• four points classification: $\tilde{x} = x_1 \cdot x_2, \hat{y} = \begin{cases} +1 & \tilde x < 0 \\ -1 & \text{otherwise} \end{cases}$
• BMI (non-linear formula, linear classification)
• problem: hand-crafting $\varphi$ is difficult
• solution: learn $\varphi$ (multi-layer neural networks)

### Neural networks

• definition: inputs $z_{\mathrm{in}}$ eg. ($z_{\mathrm{in}} = X$ or $z_{\mathrm{in}} =$ output of other neurons)
• computation (activation): $z_{\mathrm{out}} = \varphi(z_{\mathrm{in}} \beta + b)$ (linear function plugged into non-linear one)
• pre-activation: $\tilde{z} = z_{\mathrm{in}} \beta + b$
• popular activation functions: $\varphi$
• identity: used as output of regression networks
• classic choices: $\sigma$ or $\tanh$, almost the same when scaled / offset
• modern choices:
• $\mathrm{ReLU}$ – not differentiable at $0$ but nice in practice
• leaky $\mathrm{ReLU} = \begin{cases} x & x > 0 \\ \alpha x & \text{otherwise} \end{cases}$
• exponential linear unit $\mathrm{ELU}(x) = \begin{cases} x & x > 0 \\ \alpha (e^x - 1) & \text{otherwise} \end{cases}$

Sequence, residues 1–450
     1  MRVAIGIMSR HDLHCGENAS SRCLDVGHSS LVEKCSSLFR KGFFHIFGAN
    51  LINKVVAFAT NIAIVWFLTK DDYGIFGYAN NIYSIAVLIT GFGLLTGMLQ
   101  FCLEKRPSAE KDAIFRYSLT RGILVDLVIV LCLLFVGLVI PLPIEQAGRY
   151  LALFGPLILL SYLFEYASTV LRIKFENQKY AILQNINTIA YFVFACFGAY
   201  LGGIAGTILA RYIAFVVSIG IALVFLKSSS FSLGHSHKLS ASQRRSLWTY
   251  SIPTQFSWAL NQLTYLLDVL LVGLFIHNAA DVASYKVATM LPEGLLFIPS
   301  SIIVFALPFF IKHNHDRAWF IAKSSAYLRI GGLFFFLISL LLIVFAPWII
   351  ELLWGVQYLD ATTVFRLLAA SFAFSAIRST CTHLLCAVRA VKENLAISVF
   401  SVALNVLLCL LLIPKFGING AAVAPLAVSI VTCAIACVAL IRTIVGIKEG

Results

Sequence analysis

• swish function $x \cdot \sigma(x)$
• usually, $b$ is not used but turned into a “bias neuron” for each layer

A neural network is a collection of neurons in parallel layers

• fully-connected: all neurons of previous layer connect to those of the next
• for $4$ layers, we have $z_0 = [1, x]$ (bias), $z_1, z_2$ hidden and $z_3 = y$
• sample computation would then be \begin{aligned} y &= \varphi_3([1; z_2] B_3) \\ &= \varphi_3 ([1; \varphi_2 ([1; z_1] B_2)] B_3) \\ &= \varphi_3 ([1; \varphi_2 ([1; \varphi_1([1; z_0 \cdot B_1])] B_2)] B_3) \\ \end{aligned}

• (1) is the input, (2-5) are hidden layers, (6) is the output

Previously, NN were believed to not be a good idea, but

• ~2005: GPUs were found out to compute them well
• big data became available (to train the big network)
• ~2012: starts outperforming everything else

Activation functions:

• $\varphi_1, \ldots, \varphi_{L - 1}$ (not for input): chosen by the designer
• nowadays we usually use one of the modern choices described above
• $\varphi_{L}$: determined by application
• regression ($Y \in \mathbb{R}$): identity
• classification ($p(Y = k \mid X)$): $\mathrm{softmax}$

Important theorems:

1. neural networks with $L \ge 2$ ($= 1$ hidden layer) are universal approximators (can approximate any function to any accuracy), if there are enough neurons in the hidden layer
• purely existential proof, but nice to know
• up till 2005, this was used, since they were enough
• bad idea – deeper networks are easier to train (many good local optima)
2. finding the optimal network is NP-hard $\implies$ we need approximation algorithms

Training by backpropagation (chain rule)

• idea: train $B_1, \ldots, B_L$